TOGO: 7400 people to be connected to the drinking water network in Dapaong & Naki-Est

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TOGO: 7400 people to be connected to the drinking water network in Dapaong & Naki-Est©ThomBal/Shutterstock

Togo's Ministry of Water and Village Hydraulics and its Ministry of Town Planning, Housing and Public Hygiene recently launched the construction of two drinking water supply systems (AEP) in the towns of Dapaong and Naki-Est, in the Savanes region. The work will involve extending the water supply networks to serve a total of 7,400 people.

More news on the Infrastructure and Urban Development Project (PIDU), launched on 16 November 2018 in the Togolese capital Lomé. On 18 August 2023, Togo’s Minister of Water and Village Hydraulics, and the Ministry of Cities, Town Planning, Housing and Public Hygiene launched work on two drinking water supply projects (AEP) in the Savanes region, located more than 600 km from the coast in the far north of the West African country. The aim is to improve access to urban water supply facilities to meet the population’s drinking water needs.

In Dapaong, a town of 117,000 inhabitants, the work involves the construction of 45 km of drinking water network to serve 10 districts with a population of 2,400. In Nika-Est, the water supply system will consist of four boreholes. Water pumped from the water table will be stored in a 100 m3 water tower and distributed via 33 standpipes to more than 5,000 people.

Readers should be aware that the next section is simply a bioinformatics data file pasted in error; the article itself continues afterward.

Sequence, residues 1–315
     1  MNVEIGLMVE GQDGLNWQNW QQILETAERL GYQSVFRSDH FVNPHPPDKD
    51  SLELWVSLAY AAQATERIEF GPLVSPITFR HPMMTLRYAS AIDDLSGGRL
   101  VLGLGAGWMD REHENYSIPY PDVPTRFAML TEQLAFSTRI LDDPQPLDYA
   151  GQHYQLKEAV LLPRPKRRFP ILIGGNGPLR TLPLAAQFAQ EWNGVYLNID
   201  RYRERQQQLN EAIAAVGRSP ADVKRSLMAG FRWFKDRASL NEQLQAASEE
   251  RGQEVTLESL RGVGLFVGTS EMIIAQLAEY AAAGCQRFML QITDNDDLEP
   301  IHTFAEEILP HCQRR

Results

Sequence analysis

The work will be financed by the Government of Togo through a $30 million loan granted by the World Bank on 22 August 2018.

Read Also – TOGO: 300 boreholes will strengthen drinking water supply in the Plateaux

In addition to improving the supply of drinking water in these two towns, the PIDU, led by the Togolese Ministry of Town Planning, Housing and Public Hygiene, will also improve the supply in the towns of Lomé and Kara. The project will also build institutional capacity in water planning and management, particularly in the towns of Kpalimé, Tsévié, Atakpamé and Sokodé.

The PIDU followed on from the Emergency Project for the Rehabilitation of Electrical Infrastructure and Services (Purise), also financed by the World Bank. These initiatives reflect the government’s desire to step up investment in urban infrastructure. According to the Togolese authorities, the project will run until the end of December 2023.

Inès Magoum

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